(As an aside – that’s also why I avoid writing or talking on grand topics if I can help it)

Surviving Time

Nicholas Nassim Taleb talks of the Lindy Effect in his book Skin in the Game.

It basically means: The only effective judge of things is time. Time is the ultimate laboratory.

That which is โ€œLindyโ€ is what ages in reverse, i.e., its life expectancy lengthens with time, conditional on survival.

Skin in the Game, Nicholas Nassim Taleb

Broadway shows that lasted for, say, one hundred days, had a future life expectancy of a hundred more. For those that lasted two hundred days, two hundred more. The heuristic became known as the Lindy effect

Skin in the Game, Nicholas Nassim Taleb

So something that has survived is likely to continue surviving.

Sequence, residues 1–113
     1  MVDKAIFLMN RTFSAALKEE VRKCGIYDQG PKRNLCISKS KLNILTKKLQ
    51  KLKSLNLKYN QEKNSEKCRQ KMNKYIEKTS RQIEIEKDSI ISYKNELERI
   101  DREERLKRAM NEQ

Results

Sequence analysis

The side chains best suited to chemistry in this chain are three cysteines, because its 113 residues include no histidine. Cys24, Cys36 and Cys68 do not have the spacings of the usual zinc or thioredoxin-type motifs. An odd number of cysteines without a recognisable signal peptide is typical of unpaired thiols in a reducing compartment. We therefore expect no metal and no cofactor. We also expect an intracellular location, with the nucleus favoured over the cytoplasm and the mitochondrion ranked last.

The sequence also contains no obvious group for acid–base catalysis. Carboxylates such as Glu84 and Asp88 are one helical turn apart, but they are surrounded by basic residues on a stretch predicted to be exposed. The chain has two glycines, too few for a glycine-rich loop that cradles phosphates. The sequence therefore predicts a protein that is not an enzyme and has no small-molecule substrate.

A book that’s been widely read and passed down for thousands of years (The Gita or Meditations etc.) is likely to be around hundreds of years hence; today’s bestseller might not be.

It’s in a way linked to the previous idea that actions count for more than words.

The action of survival over time counts for more than the words of experts / analysts who predict survival.

This isn’t a perfect concept (what is, after all?) – many useless / harmful things do survive for long (anyone can think of some customs, traditions that fit here), so survival by itself doesn’t indicate value.

But the point in this blog is different – how do I know what I care about?

The idea is: The longer I’ve cared about something, perhaps the more I care.

I’ve noticed this with people and pursuits.

  1. People: Many friendships start well but quickly fade away – probably boredom sets in or we don’t make an effort anymore.
  2. Pursuits: Something seems incredibly fun, but doesn’t survive time – it loses it’s charm as you keep doing it.

“Lindy effect” interested me because it’s close to something I’d thought of as “surviving time”.